They are hermit crabs; they sell for one or two cents, but they are taken from their home, piled up into that filthy aquarium so small they cannot move. Without food, without water, not sold, so the poacher give up their wanton free money ideal, and left them there to die.

They had to eat their perished friend; and they live, but death is there, after a long, painful, hopeless, journey.

They are hermit crabs, they sell for one or two cents, but they are alive.

I scramble for a discarded water bottle, fill it up with water from tanks provided in many places for people to wash their hands in this pandemic, and pour it down. They are hermit crabs, but that night, somehow, I feel them. I feel the gladness, I feel relief, it’s as if I am in drought, and rain came down the sky.

I came back the next night with a KFC bucket. Tend to the cats, and to that tent. Someone had found them before then, it seems, and upon finding out what’s inside, pushed them further to the bushes behind the tent. Bushes no one can see, bushes where no clicking would be heard.

“They are being attacked by colonies of ants” Sheilla whispers.

I ran with that bucket filled with water and pour it down to drown the ants. I scrambled for a used plastic spoon, those street stalls must have discarded a lot of them there. I found one near the trash bin, wash it down the street.

I know hermit crabs make Sheilla shudder, with their tiny ticking legs that looks like scythes, but she holds that spoon and takes them out, one after another.

I skip sleep reading about freshwater hermit crabs. The only one species ever existed, and that only one species lives in Indonesia. Who cares, no? They are free and they can be sold so they can be exploited.

Should we release them to the river? Should we drive out of town to find a good home?

More of them dead every day. They are safe for two days, but live through hell for who knows how long; and others who found them before us saw their pleas, but put them back and push them further away from sight.

Those people reminds me of many strangers, some with lawyer degrees writing a message demanding me to stop writing sad stories on Instagram or Facebook, because they are cruel and they are sad and they are not good to read. The world is a happy place, they said.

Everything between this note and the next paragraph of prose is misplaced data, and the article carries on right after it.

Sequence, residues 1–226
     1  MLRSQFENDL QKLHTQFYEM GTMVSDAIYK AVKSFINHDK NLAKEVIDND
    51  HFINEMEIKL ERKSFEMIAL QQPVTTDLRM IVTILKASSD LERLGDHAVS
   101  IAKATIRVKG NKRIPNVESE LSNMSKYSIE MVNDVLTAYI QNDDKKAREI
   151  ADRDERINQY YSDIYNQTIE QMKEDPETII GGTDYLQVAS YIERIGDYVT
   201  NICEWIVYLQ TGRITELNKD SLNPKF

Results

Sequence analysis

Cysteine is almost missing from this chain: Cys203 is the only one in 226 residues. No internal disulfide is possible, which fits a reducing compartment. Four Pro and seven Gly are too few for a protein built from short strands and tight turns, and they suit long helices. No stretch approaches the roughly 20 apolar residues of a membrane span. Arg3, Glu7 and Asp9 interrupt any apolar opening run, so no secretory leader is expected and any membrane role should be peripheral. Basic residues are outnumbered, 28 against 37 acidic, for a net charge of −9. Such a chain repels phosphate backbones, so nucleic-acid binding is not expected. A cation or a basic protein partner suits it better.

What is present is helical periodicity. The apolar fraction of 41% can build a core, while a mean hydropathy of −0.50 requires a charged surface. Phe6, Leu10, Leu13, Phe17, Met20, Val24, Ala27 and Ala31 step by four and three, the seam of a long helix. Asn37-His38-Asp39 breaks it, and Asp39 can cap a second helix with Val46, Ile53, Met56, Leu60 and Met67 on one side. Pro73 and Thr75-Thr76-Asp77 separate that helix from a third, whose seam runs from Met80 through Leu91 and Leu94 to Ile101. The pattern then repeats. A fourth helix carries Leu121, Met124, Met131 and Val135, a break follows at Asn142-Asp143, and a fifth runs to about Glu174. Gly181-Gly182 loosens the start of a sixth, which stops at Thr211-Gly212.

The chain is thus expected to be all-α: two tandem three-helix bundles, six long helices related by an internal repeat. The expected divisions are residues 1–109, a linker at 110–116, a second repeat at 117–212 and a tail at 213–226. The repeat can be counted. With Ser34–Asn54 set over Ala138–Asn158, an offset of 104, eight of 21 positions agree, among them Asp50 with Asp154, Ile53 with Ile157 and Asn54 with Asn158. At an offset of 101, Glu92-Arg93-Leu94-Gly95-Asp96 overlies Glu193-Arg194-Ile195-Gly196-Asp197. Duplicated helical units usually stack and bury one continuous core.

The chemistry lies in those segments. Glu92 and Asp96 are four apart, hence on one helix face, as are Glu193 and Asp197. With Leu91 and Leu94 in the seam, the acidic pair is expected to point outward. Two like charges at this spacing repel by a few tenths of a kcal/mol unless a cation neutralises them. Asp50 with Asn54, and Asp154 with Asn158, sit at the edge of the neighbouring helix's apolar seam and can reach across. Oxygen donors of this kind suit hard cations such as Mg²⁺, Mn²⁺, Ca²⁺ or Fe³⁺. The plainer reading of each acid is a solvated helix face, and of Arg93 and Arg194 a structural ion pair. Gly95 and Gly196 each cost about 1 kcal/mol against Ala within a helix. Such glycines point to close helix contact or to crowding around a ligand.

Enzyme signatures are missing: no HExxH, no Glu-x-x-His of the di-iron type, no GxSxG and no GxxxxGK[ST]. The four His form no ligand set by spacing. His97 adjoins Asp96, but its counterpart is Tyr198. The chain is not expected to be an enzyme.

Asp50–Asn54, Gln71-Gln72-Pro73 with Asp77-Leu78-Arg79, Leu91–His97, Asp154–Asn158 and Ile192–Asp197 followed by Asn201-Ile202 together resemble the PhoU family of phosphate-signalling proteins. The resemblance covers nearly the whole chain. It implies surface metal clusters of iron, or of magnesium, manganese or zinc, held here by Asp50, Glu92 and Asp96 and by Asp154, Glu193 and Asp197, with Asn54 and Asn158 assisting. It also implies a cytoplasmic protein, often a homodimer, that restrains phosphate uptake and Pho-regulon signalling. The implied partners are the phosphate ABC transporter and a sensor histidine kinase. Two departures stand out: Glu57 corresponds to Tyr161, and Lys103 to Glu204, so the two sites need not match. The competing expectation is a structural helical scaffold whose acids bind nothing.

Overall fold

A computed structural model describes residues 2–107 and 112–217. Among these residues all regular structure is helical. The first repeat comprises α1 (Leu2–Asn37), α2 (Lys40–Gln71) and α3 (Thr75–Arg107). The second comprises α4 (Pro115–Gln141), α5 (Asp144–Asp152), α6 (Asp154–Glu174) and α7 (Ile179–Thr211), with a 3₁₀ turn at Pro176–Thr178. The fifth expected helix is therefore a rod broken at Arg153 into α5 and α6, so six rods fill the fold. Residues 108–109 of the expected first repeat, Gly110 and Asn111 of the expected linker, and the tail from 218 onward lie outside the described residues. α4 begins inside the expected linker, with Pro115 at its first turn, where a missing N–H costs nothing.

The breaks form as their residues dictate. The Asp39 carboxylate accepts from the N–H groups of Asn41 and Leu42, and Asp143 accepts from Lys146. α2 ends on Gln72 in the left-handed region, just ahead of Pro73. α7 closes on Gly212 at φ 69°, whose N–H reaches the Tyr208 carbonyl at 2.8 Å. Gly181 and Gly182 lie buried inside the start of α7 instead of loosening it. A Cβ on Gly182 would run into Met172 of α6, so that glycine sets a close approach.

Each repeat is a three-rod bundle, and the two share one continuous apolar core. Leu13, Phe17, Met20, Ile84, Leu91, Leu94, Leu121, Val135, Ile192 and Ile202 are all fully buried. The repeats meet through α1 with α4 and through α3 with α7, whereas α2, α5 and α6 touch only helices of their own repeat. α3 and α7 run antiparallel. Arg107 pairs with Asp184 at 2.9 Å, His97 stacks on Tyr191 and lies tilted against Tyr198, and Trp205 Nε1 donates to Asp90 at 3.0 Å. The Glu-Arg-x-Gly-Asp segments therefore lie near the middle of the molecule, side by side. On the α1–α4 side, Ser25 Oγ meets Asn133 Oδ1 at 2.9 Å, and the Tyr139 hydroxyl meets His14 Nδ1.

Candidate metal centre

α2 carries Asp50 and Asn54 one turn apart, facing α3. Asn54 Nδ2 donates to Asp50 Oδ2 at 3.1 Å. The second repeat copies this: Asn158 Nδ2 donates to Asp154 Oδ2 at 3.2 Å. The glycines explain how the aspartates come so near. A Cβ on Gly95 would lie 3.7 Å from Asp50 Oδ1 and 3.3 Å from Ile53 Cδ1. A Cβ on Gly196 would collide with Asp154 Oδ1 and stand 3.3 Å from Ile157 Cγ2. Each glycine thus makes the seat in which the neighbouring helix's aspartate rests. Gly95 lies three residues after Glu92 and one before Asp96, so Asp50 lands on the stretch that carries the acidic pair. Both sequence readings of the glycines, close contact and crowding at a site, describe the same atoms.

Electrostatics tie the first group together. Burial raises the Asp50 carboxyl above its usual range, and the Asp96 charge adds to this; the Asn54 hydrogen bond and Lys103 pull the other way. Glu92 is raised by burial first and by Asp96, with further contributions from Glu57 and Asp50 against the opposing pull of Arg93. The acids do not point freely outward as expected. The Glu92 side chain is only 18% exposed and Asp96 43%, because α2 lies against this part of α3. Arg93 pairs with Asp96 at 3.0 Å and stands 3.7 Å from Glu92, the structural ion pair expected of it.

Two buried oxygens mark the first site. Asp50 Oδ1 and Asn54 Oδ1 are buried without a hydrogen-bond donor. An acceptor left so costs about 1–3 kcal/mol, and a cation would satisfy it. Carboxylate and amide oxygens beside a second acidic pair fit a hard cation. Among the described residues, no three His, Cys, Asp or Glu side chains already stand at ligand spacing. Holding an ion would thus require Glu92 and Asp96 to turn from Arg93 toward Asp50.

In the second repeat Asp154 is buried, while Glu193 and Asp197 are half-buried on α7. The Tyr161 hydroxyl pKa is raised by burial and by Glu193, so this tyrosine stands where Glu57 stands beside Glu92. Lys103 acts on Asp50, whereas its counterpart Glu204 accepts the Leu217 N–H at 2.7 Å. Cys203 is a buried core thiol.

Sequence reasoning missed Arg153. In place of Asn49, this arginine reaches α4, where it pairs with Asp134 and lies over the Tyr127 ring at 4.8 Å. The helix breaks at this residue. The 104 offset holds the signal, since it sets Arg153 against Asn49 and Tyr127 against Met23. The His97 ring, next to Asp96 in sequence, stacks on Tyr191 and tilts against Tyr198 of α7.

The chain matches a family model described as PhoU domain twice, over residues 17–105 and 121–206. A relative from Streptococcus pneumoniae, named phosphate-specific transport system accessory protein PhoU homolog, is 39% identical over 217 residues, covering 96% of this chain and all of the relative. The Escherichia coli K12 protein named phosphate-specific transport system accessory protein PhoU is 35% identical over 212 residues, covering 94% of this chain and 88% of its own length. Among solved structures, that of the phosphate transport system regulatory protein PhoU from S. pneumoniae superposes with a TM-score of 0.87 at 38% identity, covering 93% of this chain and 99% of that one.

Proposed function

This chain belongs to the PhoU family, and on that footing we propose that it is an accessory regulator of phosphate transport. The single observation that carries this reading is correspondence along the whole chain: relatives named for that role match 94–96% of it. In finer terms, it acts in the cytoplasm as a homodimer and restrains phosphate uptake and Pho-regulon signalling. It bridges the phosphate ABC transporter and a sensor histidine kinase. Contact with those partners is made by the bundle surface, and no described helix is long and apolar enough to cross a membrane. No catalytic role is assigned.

I have twenty dollars in my savings. A little cardboard box where I emptied the coins every night and keep them for last resort. Those coins buys a small aquarium, two bags of sand, and I pick tree stump I kept because its twists and hues is beautiful. I took one of the cats’ saucer and put water. I took Sentaro’s (a rabbit we took from the street) salad, just one leaf.

One more time, I feel them. The warm feeling when one goes through a very long, seemingly endless perilous journey and finally arrive home. Not quite, but close.

I ask the aquarium seller for discarded empty shells, I clean the sand, I replace water, and feel them every now and then. When they marched to the new leaf of salad, few pieces of beans, jump into the pool I made with fresh, cool water in their saucer. When they climb the tree stump, and got themselves stuck there with their tiny legs that looks like death’s scythes. When it rains and they all line up on the stump branches, feeling the wind, the mist, the air. When they dig into the bottom of it all and sleep there for days. I annoy them a lot when I dig their surrounding and lift them up with a spoon. Soon they will dig another hole.

Can’t you feel it? They are not home, they will never be, but can’t you feel it? They are alive.

Hermit crabs, despite their names, are not craps. They are social creatures. They mingle with each other. They fought once in a while, but they are friends most of the time.

They are hermit crabs, they sell for one or two cents, a few pennies at most.

But they are alive. ~


Published by

Josie And The Whiskers' Syndicate

The first and only cat refuge in Bandung (West Java - Indonesia) a capital breeder of a nation without animal welfare law. We care for Bandung's unwanted animals, operate a TNR as much as our budget allows, and continue to educate people about compassion to animals